Fred Hollows sought to end unavoidable blindness. In so doing his foundation embraced principles of integrity, empowerment, collaboration and action. That is the sort of inspirational purpose and ethos that many people will buy into, because they passionately believe in the outcome and/or approach. It’s up to you as a business owner to encourage personal development along your values, exemplify personal responsibility and leadership and include at least some aspect of social responsibility in your business. Think about the big banks – yes, they make large profits from your money, but to offset that, they are among the most active in ‘giving back’ to the community. Some would say that’s just PR, but it opens up new opportunities and it also gives employees and customers something they can get behind …. that isn’t just the teller queue.

What about your way of operating?

Perhaps your personal vision included that you wanted to work 20 hour weeks and take 3 months a year off, so you could be with your family more.

How about extending that to the lives and working practises of those that work for you. Perhaps they are parents too. Or have relatives to care for. Or issues of their own.

Creating a great work culture and organisational approach is key to the economic viability of your business. But it’s also essential for bringing team members on board.

Let’s imagine your vision requires you to operate an online service, with minimal in-person sales or servicing, that relies heavily on recorded content and workflow automation. Historically that would have been seen as a threat to the existing employees’ roles. But communicated right, it’s an opportunity for them to work a 3-day week, be location-independent, move into a more interesting niche role, or win by profiled-related bonuses.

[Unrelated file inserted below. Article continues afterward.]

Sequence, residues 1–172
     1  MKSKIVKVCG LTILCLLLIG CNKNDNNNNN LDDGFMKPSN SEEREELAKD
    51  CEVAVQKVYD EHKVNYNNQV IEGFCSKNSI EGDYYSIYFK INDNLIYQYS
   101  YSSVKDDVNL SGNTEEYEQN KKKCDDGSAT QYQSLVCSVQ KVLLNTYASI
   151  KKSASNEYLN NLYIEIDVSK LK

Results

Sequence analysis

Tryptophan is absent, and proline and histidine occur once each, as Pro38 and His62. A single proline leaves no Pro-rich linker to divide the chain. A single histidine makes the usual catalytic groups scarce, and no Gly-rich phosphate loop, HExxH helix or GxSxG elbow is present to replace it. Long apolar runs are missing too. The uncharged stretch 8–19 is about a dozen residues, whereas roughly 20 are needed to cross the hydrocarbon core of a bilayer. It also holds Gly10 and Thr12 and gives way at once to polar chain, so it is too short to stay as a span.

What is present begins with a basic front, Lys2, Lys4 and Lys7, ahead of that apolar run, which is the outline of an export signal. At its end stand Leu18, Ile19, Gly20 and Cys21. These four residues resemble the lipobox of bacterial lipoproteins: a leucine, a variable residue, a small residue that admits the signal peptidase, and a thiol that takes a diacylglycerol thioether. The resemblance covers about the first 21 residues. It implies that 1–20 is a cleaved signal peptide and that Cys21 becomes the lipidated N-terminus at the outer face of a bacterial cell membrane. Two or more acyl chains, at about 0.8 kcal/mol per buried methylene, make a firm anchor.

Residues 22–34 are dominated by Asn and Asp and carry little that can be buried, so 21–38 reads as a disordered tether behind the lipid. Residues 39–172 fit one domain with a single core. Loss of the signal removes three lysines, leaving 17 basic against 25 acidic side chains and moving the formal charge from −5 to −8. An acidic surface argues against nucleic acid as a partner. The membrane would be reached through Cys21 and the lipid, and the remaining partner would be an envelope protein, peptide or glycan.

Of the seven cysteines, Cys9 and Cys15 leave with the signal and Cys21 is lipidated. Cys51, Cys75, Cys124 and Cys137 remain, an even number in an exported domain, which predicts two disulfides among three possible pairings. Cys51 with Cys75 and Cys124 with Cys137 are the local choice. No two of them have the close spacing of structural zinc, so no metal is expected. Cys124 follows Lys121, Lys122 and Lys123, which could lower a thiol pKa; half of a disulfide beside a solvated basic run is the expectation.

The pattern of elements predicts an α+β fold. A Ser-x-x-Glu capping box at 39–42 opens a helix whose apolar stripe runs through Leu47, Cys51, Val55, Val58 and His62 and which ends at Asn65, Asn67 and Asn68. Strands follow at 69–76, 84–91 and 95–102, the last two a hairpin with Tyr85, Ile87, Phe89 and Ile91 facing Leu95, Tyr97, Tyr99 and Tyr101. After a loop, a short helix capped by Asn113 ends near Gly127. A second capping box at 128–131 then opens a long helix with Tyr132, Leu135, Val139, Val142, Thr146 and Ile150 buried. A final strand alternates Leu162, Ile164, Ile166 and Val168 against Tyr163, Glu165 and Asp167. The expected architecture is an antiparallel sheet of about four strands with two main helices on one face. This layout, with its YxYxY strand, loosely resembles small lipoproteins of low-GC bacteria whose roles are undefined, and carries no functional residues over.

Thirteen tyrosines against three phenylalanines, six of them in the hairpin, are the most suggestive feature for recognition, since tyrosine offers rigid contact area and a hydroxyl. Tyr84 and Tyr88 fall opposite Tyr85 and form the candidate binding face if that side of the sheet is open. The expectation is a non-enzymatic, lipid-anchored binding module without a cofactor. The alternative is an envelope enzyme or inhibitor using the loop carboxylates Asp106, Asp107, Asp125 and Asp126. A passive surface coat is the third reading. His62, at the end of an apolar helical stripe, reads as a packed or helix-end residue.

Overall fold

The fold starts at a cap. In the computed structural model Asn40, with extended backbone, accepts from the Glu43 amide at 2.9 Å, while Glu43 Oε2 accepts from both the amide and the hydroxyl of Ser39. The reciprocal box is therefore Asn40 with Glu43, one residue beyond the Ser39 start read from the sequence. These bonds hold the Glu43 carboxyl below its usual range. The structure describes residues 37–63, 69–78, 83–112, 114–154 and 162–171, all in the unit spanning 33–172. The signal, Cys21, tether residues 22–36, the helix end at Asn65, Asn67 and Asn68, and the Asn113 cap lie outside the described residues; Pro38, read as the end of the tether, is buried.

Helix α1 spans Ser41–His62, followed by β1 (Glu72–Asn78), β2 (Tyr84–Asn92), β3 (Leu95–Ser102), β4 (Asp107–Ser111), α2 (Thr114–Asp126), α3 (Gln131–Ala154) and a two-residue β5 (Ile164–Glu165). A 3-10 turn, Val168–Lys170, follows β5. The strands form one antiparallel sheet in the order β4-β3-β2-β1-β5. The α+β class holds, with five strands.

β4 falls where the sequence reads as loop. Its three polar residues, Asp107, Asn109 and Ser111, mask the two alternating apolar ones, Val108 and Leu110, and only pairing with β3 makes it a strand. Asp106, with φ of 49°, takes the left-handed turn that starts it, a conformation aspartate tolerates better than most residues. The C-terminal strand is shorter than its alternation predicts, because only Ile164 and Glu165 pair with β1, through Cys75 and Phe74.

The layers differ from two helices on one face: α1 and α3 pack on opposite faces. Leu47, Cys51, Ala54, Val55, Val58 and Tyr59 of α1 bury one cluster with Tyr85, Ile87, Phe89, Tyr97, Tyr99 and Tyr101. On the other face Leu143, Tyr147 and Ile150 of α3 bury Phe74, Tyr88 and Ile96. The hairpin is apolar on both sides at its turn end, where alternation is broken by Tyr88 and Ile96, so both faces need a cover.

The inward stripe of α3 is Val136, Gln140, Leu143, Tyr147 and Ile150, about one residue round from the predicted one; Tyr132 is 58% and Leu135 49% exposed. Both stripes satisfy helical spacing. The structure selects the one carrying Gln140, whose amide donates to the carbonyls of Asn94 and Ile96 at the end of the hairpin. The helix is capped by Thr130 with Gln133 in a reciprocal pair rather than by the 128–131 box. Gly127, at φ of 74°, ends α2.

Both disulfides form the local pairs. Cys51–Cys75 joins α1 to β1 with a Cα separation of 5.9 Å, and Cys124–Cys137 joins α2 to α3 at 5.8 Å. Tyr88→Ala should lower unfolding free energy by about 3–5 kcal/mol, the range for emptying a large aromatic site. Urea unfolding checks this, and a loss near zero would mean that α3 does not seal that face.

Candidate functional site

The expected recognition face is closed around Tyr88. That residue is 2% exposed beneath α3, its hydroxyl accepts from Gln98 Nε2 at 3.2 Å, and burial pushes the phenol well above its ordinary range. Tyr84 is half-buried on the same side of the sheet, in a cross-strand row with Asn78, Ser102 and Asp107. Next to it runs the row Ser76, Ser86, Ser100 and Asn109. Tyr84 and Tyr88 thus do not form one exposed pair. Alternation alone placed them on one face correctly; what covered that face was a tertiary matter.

Really think about the ways in which your Vision and Strategy can appeal to your team, to the point they love the idea of coming to work. This is that Shared Purpose, which is the first aspect of creating a Golden Thread through your organisation.

Is your Golden Thread Knotted? Smoothing out each stitch

After you’ve got real passion and drive running through your organisation, you need to make what to do about it crystal clear. People simply can’t relate what they do at 10am this Wednesday, to your company’s results for Q3 2022. You need to spell it out for them, by linking every step from Company Strategy down to individual tasks.

Creating a Communication Bridge

The challenge is creating logical links between each level, so that any one person can truly understand their vital importance in delivering your organisation’s results. Here is the basic chain:

Understandably, most staff will struggle to relate the minutiae of their daily To Do list, to the gargantuan task of fulfilling your strategy. Spelling it out for them requires several steps, often thought of as ‘Chunking Down’. This process repeatedly splits big areas into smaller and more manageable pieces.

Accountability vs Responsibility – What is your place?

Have you got an Organisation Chart? Be honest, you’ll be surprised how few organisations do.

But your Organisation Chart is a simple and vital tool for translating your Strategy into your daily reality, by ensuing the structure of the business is correct, and that there is someone accountable and responsible for executing EVERYTHING required for success.